Our California Campus
Our families share a commitment to raising children who will contribute meaningfully to their local and global communities.
Chadwick School is the only K-12 independent coeducational day school in the greater South Bay Area. Our 45-acre campus sits atop a hill on the scenic Palos Verdes Peninsula - a tranquil setting conducive to serious study, opportunities for self-discovery and companionship among friends. With a commitment to economic, social and ethnic diversity, Chadwick draws students from approximately 45 different zip codes. The school community remains true to founder Margaret Chadwick’s guiding principles, blending them with the innovations of the ensuing years. Chadwick School emphasizes academic excellence, personal growth opportunities, and development of character, as represented by our five core values: Respect, Responsibility, Honesty, Fairness and Compassion.
- Year Founded: 1935
- Headmaster: Frederick T. "Ted" Hill, installed in 1998
- Student Population: 830 students from approximately 45 communities
- Village School (K-6): 310 students
- Middle School (7-8): 160 students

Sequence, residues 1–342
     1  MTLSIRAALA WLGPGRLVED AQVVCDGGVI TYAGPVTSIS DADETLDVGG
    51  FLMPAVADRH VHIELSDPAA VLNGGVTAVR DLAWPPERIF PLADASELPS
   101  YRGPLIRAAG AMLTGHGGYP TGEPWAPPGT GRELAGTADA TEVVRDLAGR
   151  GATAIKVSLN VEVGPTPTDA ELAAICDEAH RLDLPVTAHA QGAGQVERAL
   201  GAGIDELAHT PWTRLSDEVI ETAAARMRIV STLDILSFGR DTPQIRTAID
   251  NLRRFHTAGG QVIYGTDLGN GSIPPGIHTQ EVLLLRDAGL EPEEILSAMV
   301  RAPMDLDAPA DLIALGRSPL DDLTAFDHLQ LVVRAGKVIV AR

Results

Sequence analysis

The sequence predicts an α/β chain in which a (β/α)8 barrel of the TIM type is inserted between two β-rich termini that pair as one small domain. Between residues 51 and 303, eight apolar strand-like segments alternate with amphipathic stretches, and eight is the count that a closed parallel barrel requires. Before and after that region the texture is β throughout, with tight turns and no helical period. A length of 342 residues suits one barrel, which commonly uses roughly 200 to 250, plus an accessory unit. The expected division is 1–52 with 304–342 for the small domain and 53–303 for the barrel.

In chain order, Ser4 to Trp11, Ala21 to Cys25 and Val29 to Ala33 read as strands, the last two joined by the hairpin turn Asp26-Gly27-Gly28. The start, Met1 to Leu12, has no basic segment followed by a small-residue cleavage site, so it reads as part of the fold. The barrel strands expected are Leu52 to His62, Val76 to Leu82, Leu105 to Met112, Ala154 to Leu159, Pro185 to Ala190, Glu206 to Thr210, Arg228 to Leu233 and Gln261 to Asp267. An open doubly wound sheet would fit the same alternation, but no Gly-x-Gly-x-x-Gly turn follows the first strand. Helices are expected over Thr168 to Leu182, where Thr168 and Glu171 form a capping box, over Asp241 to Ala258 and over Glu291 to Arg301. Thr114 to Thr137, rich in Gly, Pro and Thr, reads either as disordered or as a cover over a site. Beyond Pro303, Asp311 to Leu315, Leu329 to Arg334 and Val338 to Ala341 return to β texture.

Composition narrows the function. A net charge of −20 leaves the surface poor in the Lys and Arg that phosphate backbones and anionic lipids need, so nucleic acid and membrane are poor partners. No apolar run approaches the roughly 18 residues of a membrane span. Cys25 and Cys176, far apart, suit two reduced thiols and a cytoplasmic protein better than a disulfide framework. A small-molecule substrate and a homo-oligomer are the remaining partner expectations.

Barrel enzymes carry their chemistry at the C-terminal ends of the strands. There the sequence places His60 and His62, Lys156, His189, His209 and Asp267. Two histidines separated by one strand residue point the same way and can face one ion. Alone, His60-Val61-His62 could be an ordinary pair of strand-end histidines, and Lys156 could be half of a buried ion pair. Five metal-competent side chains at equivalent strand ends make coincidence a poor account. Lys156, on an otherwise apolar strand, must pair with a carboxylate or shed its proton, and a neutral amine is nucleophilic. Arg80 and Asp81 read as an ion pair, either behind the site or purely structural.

- Upper School (9-12): 360 students
- Students of color: 41 percent
Collaboration between two campuses
Chadwick International students benefit from interactions and relationships with their peers from across the Pacific. Some classes meet through the Telepresence video conferencing system for discussions related to their common coursework. Others work together in person through student exchanges between the campuses. Still others travel together to joint conferences around the world and represent Chadwick together. Chadwick International students currently have the opportunity to go on exchange to Chadwick School, and Chadwick families can also host incoming students from US.
For instance, students in grades 7-9 swapped places twice in Winter and Spring 2014 to share in the school's nascent outdoor education program. In Spring of 2015, the entire Senior class of 2016 traveled to Chadwick School participating in service learning, outdoor education and academic courses for three weeks on “Wickabout Trip.”
In addition, new courses for both campuses have been developed for the Upper School curriculum, while a number of lessons throughout the Village and Middle Schools are the result of joint planning. Throughout this process and subsequent dialogue, ongoing articulation between the faculties on both campuses has added a rich perspective to these conversations.